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You're never too old for an ancient rite of youth

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As anyone familiar with "Romeo and Juliet" well knows, 13 was once considered old enough to wed. From time immemorial, 13 has also been the age when Jewish boys (and in this past century, Jewish girls) celebrate their bar (or in the case of girls, bat) mitzvahs.

"Today I am a man," a staple phrase from the typical bar mitzvah boy's speech, is a declaration that brings a smile of amused recognition to anyone who's experienced a bar mitzvah. The manhood (or womanhood) being celebrated is, of course, a religious coming-of-age, meaning that the young person has demonstrated the ability to take full part in religious services.

Traditionally, he (or she) has studied with a rabbi, learned to read Hebrew, recite prayers, and read aloud from the Bible before the assembled congregation. Although in America in the latter half of the past century, bar mitzvahs often came to involve big parties with dinner and dancing (rather like weddings), for centuries before, the bar mitzvah was a far more sedate, matter-of-fact rite of passage.

There are some Jewish boys who have never had a bar mitzvah. Perhaps their families were uninterested in religion or cultural identity. Perhaps, like David Hays's parents, they did not belong to a synagogue or temple at the time.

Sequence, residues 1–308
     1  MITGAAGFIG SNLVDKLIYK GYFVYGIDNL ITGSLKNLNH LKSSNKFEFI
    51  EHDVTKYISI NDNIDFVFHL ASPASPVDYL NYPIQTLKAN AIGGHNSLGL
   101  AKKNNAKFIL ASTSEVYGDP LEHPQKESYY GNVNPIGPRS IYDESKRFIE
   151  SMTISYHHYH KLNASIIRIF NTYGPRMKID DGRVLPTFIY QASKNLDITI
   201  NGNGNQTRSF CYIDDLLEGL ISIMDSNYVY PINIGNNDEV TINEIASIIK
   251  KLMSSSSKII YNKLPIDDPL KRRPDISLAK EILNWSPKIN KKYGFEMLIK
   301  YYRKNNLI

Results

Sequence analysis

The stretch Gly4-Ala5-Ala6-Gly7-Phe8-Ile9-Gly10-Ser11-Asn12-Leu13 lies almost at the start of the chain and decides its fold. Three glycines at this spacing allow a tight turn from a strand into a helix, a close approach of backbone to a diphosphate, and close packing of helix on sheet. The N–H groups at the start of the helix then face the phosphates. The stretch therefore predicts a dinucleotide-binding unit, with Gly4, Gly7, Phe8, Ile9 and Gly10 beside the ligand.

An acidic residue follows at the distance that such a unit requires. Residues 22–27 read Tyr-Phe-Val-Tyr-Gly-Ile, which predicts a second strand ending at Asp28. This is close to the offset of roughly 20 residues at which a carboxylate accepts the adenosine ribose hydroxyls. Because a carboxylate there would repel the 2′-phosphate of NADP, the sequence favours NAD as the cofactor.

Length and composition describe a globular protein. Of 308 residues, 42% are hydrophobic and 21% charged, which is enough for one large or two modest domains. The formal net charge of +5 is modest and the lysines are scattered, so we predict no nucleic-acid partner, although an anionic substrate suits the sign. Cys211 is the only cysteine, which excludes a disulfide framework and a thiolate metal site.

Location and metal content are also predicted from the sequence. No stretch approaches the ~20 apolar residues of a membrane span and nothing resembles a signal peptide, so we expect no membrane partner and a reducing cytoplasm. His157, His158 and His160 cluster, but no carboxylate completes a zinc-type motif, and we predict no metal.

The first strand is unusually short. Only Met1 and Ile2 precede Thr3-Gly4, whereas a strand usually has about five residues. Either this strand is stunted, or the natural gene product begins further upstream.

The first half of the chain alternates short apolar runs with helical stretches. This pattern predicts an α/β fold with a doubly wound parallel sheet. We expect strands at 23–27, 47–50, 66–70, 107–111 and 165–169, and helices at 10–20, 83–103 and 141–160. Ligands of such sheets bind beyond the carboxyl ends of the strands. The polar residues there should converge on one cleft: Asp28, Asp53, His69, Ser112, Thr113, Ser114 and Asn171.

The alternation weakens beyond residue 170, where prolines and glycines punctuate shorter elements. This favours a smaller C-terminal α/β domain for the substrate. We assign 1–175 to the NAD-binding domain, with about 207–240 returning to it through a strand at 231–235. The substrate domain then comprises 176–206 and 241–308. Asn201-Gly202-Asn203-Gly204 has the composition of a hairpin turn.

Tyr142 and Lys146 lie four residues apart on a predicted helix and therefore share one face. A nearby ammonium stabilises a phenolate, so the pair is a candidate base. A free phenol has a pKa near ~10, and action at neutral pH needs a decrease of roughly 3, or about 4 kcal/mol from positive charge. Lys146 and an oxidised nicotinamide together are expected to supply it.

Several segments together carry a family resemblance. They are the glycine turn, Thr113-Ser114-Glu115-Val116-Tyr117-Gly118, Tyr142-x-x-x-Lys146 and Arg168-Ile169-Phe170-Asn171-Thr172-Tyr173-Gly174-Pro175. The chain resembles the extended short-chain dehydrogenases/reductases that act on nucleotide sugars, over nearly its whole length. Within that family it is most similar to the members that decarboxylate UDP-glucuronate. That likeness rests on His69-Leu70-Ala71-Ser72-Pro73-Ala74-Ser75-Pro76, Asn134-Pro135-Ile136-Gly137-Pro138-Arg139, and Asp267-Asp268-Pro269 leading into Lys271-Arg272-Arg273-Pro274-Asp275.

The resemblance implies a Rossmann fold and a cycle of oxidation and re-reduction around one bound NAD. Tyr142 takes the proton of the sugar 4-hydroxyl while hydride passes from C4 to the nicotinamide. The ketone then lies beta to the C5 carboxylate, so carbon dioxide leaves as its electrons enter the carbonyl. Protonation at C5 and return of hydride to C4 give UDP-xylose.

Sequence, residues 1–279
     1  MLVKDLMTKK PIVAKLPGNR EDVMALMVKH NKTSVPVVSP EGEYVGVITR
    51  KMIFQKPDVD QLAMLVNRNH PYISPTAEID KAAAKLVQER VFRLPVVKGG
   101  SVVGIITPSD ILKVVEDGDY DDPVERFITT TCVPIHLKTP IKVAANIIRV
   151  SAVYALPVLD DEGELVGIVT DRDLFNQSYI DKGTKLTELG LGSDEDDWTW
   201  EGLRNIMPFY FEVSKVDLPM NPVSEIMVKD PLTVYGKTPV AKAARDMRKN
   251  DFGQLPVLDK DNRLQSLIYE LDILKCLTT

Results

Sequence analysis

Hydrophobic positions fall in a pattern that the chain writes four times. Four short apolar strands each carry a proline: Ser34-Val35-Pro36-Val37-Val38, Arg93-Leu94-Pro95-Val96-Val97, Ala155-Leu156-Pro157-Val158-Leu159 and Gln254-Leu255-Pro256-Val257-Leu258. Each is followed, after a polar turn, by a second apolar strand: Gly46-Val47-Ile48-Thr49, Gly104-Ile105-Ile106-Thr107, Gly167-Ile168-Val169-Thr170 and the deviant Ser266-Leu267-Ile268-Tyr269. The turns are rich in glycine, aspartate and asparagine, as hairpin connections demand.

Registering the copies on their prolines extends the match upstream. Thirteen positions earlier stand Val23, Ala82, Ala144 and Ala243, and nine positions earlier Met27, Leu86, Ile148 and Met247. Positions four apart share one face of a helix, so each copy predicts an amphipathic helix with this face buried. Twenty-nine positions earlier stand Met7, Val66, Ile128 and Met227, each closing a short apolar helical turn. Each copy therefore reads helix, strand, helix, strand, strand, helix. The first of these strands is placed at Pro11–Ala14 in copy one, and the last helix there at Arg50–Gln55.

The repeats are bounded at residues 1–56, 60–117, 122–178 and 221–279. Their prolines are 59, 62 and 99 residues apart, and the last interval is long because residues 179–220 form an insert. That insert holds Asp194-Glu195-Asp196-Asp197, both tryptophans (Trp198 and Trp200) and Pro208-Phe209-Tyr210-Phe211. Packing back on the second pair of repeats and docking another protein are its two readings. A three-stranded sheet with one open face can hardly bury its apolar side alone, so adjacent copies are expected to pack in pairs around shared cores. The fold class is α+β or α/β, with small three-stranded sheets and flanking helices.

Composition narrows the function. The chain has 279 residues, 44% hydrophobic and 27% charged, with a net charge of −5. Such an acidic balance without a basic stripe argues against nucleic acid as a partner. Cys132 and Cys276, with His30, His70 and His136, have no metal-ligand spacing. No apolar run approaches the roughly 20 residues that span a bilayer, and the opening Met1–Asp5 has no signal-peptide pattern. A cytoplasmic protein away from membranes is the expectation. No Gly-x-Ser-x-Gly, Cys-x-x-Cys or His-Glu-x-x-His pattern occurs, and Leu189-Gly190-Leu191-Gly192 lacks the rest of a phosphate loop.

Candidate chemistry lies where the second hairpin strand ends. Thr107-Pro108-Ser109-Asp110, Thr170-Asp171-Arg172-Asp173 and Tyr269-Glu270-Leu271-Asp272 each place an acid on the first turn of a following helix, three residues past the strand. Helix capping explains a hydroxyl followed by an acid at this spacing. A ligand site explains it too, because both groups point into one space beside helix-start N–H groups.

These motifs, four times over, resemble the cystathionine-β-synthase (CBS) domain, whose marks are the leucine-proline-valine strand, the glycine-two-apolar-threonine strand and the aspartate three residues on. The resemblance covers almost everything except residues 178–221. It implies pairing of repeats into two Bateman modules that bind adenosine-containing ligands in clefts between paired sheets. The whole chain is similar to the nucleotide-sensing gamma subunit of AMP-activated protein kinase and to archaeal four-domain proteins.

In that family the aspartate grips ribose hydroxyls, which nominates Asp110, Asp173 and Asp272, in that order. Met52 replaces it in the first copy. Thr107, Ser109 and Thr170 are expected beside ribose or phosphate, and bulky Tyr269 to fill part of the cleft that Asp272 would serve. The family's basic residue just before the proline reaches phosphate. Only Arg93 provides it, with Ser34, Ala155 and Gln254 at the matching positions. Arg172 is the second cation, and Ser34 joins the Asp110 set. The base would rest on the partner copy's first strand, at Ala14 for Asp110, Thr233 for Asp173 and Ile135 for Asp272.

Hays managed, nonetheless, to grow up to lead a rich and busy adult life. As a lighting and set designer, he worked with the likes of ballet choreographer George Balanchine, theatrical directors Tyrone Guthrie and Elia Kazan, and designer Jo Mielziner. He went on to found the National Theatre of the Deaf. More recently, he and his son sailed their small boat round the treacherous waters off Cape Horn, an experience recounted in their book, "My Old Man and the Sea."

At age 66, Hays was still eager to try new things. A fortuitous conversation with a local rabbi persuaded him it just might be possible to make up for his lost bar mitzvah. Hebrew, the rabbi assured him, was not that difficult to learn. A man who'd rounded Cape Horn could surely rise to the challenge of joining a class of 12-year-old boys and girls engaged in studying for their upcoming bar or bat mitzvahs.


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